Given that the news organization reported it does not actively monitor social media, it indicated that it has removed the option to contact the publication via Facebook messenger, but it continues to display the newspaper’s phone number and email address on its Facebook page for individuals who may have concerns about published content.

In evaluating the complaint, the NNC considered the crucial role that local journalism plays in providing its community with important information in an appropriate and timely manner. Such journalism offers community stories, events, and updates that would otherwise be unreported or overlooked.

Widely-accepted practice calls for sensitivity when reporting on and publishing photographs of tragic events, including fatal vehicle collisions. Generally speaking, it is standard practice to ensure that next-of-kin family members of any victims are notified through official channels, not through a news or social media update. News organizations are expected to gather relevant information prior to publishing news reports, which may include hearing from law enforcement or emergency responders on the scene.

Photographs are powerful tools that can serve to educate readers about the impact of a particular event. In cases of car accidents, they may also provide cautionary accounts or indicate the need for better safety measures.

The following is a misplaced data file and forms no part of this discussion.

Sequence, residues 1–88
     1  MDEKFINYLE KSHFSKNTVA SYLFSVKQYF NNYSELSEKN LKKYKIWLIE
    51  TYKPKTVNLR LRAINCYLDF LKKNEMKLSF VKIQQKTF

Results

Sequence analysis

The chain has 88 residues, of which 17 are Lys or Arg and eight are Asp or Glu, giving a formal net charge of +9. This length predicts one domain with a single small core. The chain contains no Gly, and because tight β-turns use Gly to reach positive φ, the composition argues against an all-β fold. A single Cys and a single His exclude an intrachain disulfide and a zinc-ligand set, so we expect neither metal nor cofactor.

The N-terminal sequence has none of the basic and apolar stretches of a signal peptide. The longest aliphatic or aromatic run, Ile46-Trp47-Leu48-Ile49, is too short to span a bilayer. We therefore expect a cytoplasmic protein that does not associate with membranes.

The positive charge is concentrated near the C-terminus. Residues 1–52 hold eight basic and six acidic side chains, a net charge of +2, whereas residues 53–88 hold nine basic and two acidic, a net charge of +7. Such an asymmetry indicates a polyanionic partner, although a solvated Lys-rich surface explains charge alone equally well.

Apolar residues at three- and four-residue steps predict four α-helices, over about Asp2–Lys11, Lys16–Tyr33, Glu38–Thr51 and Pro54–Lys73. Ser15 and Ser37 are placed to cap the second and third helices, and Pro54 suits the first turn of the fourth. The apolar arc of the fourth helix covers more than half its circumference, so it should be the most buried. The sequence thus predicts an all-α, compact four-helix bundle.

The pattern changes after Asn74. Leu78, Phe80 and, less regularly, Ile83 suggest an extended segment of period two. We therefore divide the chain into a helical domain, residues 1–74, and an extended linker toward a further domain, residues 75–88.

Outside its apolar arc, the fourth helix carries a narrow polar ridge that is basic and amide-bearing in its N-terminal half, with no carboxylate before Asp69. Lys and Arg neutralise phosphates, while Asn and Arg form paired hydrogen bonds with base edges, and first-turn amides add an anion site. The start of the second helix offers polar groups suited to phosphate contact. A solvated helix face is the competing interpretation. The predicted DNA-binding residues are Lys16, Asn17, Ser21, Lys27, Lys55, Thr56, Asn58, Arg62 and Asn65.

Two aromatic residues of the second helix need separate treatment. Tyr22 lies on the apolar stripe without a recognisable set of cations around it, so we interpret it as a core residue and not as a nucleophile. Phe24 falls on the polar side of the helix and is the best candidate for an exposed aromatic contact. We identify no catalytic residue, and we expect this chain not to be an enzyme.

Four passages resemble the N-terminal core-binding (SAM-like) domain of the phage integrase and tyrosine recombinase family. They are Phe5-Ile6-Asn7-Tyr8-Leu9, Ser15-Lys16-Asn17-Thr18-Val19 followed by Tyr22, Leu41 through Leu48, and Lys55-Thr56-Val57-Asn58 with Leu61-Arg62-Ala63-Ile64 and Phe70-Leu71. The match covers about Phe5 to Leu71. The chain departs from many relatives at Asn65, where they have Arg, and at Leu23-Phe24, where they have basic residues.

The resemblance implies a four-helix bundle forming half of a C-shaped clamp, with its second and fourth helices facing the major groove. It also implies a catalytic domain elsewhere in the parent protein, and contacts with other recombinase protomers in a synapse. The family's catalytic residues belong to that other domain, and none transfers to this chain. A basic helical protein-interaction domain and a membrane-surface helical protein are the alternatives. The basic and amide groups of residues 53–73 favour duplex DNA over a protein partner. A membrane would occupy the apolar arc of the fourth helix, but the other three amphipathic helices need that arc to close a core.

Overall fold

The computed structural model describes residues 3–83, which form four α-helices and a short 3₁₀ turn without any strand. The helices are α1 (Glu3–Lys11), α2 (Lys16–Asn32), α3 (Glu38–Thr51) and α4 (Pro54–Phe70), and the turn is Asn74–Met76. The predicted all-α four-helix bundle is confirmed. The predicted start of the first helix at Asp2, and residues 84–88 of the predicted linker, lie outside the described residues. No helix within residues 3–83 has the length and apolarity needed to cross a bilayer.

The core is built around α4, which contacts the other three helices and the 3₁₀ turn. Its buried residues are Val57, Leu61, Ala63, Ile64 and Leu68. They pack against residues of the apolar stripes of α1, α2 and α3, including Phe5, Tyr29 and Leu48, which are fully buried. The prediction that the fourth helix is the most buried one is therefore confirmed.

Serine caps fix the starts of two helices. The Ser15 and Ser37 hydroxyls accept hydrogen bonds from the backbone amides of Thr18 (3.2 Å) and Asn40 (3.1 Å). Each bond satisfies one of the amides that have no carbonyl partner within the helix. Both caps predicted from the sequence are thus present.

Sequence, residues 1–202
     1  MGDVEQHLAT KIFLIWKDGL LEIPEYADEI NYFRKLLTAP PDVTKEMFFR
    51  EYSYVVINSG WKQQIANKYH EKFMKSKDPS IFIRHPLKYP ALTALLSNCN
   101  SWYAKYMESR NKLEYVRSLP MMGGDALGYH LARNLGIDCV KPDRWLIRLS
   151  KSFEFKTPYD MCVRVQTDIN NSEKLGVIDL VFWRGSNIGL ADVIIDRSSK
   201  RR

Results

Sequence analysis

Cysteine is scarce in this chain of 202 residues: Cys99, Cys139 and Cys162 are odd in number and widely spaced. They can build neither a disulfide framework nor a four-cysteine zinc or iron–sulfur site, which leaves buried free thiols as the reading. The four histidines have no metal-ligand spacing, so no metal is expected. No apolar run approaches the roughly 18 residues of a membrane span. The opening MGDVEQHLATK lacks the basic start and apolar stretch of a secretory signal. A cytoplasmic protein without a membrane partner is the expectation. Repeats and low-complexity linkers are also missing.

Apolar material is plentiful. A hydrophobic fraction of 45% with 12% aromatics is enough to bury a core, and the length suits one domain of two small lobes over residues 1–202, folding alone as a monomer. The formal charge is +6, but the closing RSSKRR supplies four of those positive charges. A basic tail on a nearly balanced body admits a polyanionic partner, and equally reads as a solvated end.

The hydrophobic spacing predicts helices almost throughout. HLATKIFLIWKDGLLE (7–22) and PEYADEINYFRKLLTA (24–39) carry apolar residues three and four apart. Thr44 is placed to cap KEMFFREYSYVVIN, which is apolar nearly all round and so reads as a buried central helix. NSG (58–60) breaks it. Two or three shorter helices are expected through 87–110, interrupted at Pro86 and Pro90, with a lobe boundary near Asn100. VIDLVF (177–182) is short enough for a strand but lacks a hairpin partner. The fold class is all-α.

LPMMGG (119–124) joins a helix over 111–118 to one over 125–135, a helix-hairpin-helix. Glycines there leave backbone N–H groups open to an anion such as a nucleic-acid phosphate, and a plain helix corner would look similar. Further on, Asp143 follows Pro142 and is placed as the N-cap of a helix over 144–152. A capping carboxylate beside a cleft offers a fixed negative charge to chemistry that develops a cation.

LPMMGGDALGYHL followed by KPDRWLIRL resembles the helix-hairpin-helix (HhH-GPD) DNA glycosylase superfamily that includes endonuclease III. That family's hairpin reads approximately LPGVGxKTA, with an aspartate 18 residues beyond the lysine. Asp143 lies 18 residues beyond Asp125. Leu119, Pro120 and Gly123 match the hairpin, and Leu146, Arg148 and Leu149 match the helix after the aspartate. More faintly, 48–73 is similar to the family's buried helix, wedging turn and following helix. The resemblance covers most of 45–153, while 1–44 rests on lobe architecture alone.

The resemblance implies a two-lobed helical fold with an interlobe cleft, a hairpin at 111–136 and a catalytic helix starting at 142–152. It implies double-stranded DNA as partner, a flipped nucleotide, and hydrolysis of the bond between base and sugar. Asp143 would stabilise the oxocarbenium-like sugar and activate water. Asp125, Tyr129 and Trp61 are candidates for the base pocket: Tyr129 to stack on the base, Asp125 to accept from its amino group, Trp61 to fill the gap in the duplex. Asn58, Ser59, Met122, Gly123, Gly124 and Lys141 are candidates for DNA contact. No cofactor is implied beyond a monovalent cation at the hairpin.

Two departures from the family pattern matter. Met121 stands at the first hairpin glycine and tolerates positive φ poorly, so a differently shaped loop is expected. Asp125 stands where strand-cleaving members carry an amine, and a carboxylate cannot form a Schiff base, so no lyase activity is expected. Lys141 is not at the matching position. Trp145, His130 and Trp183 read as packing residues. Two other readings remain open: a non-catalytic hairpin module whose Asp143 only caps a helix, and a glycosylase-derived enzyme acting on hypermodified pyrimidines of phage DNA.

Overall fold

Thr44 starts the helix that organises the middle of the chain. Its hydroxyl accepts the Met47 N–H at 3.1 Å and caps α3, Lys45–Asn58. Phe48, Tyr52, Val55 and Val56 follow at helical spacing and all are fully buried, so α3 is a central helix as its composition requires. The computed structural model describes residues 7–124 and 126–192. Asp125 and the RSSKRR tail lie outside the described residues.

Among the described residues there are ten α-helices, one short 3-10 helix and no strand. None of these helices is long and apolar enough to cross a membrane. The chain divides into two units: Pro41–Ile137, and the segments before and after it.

In considering the news organizations’ response to the complaint, the NNC recognized that newsrooms may not have the capacity to respond individually to the volume of social media comments on a given story. That said, it is the view of the NNC that news organizations should provide clear guidelines to readers on how to have their serious concerns addressed on a regularly-updated, public-facing platform to ensure concerns are addressed in a reasonable manner and timeframe.

The NNC notes that after hearing from the complainant, the news organization inquired with a police officer about whether any victims would still be on the scene at the time the photo was taken. The officer indicated that the victim may still have been on the scene, as it takes time for the coroner to arrive.

The NNC recognizes that this is a difficult time for the complainant, and that the image serves as a tragic reminder of the complainant’s loss. It also recognizes that the image may be upsetting to anyone close to the deceased regardless of its specific contents.

At the same time, the NNC accepts the news organization’s statement that it conducted an appropriate review of the image before publishing it. In reviewing the image in question, the NNC did not observe any details that were graphic in nature or any evidence that could reasonably serve to identify the victim from the angle and distance at which the vehicle was photographed. The NNC, therefore, supports the view that no ordinary viewer of the photograph would be able to identify the victim involved in the accident.

While it is the view of Council that the original publication of the image does not indicate a breach of journalistic standards, it acknowledges the efforts of the news organization to update the image on compassionate grounds for the family of the deceased. The NNC recognizes that while the complainant remains unsatisfied with the steps taken in this case, taking action on compassionate grounds is at the discretion of the news organization and may go a long way in addressing reader concerns where appropriate.

For the reasons outlined above, Council dismissed the complaint alleging inappropriate posting of an image.